A potentially explosive crisis involving farm workers in the Western Cape, with the threat of spreading to the rest of the country, was averted last week. But the unanswered questions remain: where and with whom did the unrest that erupted in the middle of November really start and what does the future hold on this front? It is an extremely complicated situation and single answers are not possible, bar to say that the farming industry is bound to change in many respects.
To date the only known possible source for the ignition of the unrest that flared up at De Doorns on 12, 13 and 14 November is the African National Congress’s previously announced ‘Protect Reclaim’ campaign in the Western Cape, aimed at unseating the Democratic Alliance government in the province by making it ungovernable. The tactic is a revival of one used against the National Party Government before the 1994 constitutional settlement.
Despite claims by leaders of the Congress of South African Trade Unions (Cosatu) and others, it is highly unlikely, and there is evidence to the contrary, that De Doorns was a case of ‘spontaneous combustion’. The De Doorns area has a recent history of violence fueled by the competition for work between established local residents and (both legal and illegal) immigrant workers.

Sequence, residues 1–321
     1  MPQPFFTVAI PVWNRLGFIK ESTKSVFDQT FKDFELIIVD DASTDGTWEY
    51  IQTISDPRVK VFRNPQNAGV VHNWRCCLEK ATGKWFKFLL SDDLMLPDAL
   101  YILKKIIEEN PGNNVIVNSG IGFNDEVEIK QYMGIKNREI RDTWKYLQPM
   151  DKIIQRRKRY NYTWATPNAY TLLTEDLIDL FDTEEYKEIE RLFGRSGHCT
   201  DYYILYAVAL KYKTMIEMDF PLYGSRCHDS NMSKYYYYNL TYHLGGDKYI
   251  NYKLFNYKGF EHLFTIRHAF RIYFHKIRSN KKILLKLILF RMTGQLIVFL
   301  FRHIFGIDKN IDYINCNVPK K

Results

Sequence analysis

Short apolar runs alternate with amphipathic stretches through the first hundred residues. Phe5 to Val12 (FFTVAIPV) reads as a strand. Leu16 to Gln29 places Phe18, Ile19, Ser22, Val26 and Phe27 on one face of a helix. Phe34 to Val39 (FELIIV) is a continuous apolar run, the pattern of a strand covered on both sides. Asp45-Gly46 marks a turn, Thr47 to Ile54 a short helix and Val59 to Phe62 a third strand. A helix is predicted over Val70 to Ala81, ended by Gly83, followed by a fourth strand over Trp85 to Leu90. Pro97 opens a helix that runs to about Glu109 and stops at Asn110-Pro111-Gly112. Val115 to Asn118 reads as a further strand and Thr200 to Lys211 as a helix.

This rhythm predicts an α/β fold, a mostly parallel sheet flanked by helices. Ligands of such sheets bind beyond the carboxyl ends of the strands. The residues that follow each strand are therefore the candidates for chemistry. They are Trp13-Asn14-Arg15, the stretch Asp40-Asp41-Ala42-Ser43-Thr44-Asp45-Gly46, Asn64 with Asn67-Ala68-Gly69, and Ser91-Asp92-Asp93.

Amid the finger pointing and blaming in the wake of the November unrest, it is not easy to identify who the original instigators or organisers were and who the opportunist bandwagoneers were. An attempt to identify all the players involved in the drama and list the most important factors at play quickly reveal the complexity of the situation.
For starters it is dangerously simplistic to treat the farm workers, whom so many now claim to represent, as the monolithic group some pretend they are. At least six categories of farm workers, each with their own particular interests and often in conflict with the interests of other groups, can be identified:
- Permanent, career farm workers and families of farm workers, most of whom have been living on farms for generations. For this category much more is at stake than just monetary considerations;
- Increasing numbers of permanent farm workers who do not live on farms but can still be regarded as career farm workers;
- Local seasonal workers, both on and off farms, who are employed on a casual basis during harvest time and for some produce processing that might take place on the farm;
- South African seasonal workers, from other parts of the country, also employed on a casual basis, but who increasingly tend to settle in the farming districts, often in informal and sometimes illegal settlements;
- Immigrant workers from neighbouring countries, many of whom (especially Zimbabweans under recently granted amnesty) have some legal status in the country; and
- Illegal immigrants/refugees, who tend to exert downward pressure on wages.